Growing Conservative Coalition Calls Death Penalty Into Question
The group, Conservatives Concerned About The Death Penalty, is just what it sounds: conservatives across the country questioning the use of capital punishment.
The group’s members include hundreds of conservatives from 44 states — including Utah.
“When people become more educated on this issue, they tend to be in our camp,” Darcy Van Orden, the leader of the Utah chapter, told KUER following a news conference held by the group on Monday morning.
Van Orden is also the founder of the Utah Justice Coalition — an organization that, among other things, is working to repeal the death penalty in the beehive state. She says that Utah may see the end of capital punishment as soon as 2020. The prediction comes only a few months after the federal government declared this summer that it would resume applying the death penalty for the first time in nearly two decades.
There have been two other attempts to repeal the death penalty in recent years.
In 2016, a bill to ban the practice narrowly passed in the state Senate but never saw a debate in the House. Two years later, another bill died in the House.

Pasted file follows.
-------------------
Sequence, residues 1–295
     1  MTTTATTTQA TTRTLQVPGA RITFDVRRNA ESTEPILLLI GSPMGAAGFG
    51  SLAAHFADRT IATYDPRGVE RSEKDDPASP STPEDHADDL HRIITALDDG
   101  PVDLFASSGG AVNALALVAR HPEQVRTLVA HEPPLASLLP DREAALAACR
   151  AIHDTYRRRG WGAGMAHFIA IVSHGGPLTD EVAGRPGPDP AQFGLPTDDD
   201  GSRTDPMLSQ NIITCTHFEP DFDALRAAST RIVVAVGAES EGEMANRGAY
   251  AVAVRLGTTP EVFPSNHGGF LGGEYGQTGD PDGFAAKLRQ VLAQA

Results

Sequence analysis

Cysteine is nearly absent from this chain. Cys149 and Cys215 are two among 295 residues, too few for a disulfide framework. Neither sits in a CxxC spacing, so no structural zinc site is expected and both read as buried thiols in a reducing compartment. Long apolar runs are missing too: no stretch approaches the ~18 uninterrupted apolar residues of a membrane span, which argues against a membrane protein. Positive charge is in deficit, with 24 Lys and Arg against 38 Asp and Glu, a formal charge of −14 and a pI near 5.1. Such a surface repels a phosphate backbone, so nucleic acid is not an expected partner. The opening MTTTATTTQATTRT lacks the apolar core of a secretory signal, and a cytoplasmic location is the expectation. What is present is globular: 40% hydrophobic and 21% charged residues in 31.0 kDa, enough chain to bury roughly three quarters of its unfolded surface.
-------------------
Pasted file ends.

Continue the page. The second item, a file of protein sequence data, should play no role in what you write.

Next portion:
Despite the unsuccessful track record so far, Van Orden predicts the issue’s non-partisan nature means the tide will turn soon.
“I really do believe that this issue resonates strongly with conservative values,” she said. “But it’s not limited to that.”
Van Orden says her confidence stems from a handful of new Republican lawmakers who support her organization’s cause.
She also points to greater education among sitting lawmakers regarding the financial burden of the death penalty, the fallibility of the criminal justice system and the philosophical dissonance of being pro-life but for capital punishment. All of that, she says, adds up to growing support.
David Fuchs is a Report for America corps member who reports from KUER's Southwest Bureau in St. George.